Definitive Technology DN8 and DN12 Subwoofers Overview

Definitive Technology updated their Descend line of subwoofers with the addition of the DN8 and DN12 offerings. These complement the DN15 and DN10 already offered by Definitive Technology. The numbers in the model names indicate the size of the driver in each sub. These are bass-reflex designs but instead of ports, they have dual passive radiators. Let’s take a closer look at these subs.

What’s a Passive Radiator?

When we think of bass-reflex subwoofer designs, we often assume a ported box (one with a hole in it somewhere). But it doesn’t have to be. Bass-reflex just means that the air within the box can move as the driver does. In the case of the Definitive Technology Descend line, they use passive radiators. A passive radiator is a driver that doesn’t have a motor or a magnet. It is simply the cone, the surround, the spider, and the frame.

As the driver moves in and out, the passive radiator allows the air pressure within the cabinet to stabilize by moving in the opposite direction. The driver pushes out, the passive radiator sucks in. The driver pulls in, the passive radiator is pushed out. In the case of the DN8 and DN12 subwoofers, there are two passive radiators in each sub with a single driver. This allows the subs to play lower and louder than they might considering the size of the enclosure.

Performance of the Definitive Technology DN12 and DN8 Subwoofers

The DN12 sports a 500 watt continuous/1500 watt peak Class H amp while the DN8 has a 200 watt continuous/500 watt peak Class D. The DN12 is rated down to 25Hz while the smaller DN8 is only rated to 35Hz. Each has variable volume and crossover controls as well as line and speaker-level inputs. Both have connected rubber feet that can’t be adjusted for leveling (an odd choice).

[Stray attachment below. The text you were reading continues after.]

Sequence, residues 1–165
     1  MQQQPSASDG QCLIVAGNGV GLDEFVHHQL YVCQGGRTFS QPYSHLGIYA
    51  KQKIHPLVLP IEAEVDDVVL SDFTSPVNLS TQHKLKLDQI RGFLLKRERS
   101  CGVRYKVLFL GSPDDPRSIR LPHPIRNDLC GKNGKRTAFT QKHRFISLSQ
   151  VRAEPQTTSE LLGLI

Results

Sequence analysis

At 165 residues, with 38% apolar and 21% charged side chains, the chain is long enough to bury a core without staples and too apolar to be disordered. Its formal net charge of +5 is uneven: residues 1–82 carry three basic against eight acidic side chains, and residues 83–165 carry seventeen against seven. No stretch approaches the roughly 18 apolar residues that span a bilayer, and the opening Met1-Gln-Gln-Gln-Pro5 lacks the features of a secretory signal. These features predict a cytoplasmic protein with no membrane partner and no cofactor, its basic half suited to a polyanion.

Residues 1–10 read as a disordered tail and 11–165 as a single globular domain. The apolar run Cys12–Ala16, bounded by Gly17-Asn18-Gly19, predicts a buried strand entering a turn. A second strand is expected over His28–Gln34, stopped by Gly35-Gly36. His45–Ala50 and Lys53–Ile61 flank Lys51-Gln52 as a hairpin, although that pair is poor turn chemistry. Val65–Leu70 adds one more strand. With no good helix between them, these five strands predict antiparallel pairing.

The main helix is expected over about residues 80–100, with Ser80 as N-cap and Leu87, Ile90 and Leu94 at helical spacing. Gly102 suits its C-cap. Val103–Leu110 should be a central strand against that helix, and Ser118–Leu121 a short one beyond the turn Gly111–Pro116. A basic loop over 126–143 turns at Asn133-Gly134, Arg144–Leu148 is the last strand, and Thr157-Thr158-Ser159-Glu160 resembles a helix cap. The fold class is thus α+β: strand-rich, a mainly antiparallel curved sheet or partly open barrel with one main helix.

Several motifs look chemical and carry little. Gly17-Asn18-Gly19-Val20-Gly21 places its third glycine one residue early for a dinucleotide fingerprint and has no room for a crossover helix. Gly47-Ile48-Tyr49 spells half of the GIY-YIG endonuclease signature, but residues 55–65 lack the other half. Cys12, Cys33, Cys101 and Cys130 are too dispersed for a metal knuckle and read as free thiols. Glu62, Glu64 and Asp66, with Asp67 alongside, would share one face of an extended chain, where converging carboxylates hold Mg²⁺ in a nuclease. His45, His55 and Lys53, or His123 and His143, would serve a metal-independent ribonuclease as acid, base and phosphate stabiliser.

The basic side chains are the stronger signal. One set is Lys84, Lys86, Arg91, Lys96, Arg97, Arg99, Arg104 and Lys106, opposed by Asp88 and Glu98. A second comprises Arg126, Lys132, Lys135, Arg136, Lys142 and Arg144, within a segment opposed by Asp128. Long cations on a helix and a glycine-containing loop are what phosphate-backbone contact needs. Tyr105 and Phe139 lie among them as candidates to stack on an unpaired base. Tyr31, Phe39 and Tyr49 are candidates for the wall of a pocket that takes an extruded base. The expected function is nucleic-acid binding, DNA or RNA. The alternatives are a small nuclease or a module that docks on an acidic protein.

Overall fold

There are some differences in the features of these two subwoofers. The DN8 only has a phase switch (0/180) while the DN12 has a variable phase control. The DN12 has 56-bit processing to prevent distortion or damage to the driver as well as provides three different tuning modes (flat, deep, loud). The DN12 also has a remote that the DN8 lacks.

Our Take

Subwoofers are an increasingly competitive market. People want low and small, but they don’t want to pay too much. The DN8 comes in either white or black gloss finish while the DN12 only comes in black. The DN8 retails for $500 while the DN12 will run you $1200. The DN8 is just over a cubic foot (12.8” x 12.0” x 13.1”) while the DN12 is larger at around 18-19″ in all directions (18.72″ x 18.04″ x 19.09″).

When we compare these subs to other subs on the market, they come out pretty well. They don’t play as low as some, but they cost less. They aren’t as small as some, but they play louder and cost less. There are always drawbacks when trying to make a cost-effective subwoofer. The Definitive Technology DN12 subwoofer costs a lot more than the DN8 but it has a lot more features, functionality, and plays lower. For our money, the DN8 is where it is at. It will only really shine in a small room, but $500 for ~35Hz performance is pretty great. Could it be smaller? Sure. But it’d need a bigger amp and DSP to sound as good. And we are willing to bet that this is a tradeoff consumers will be willing to make.

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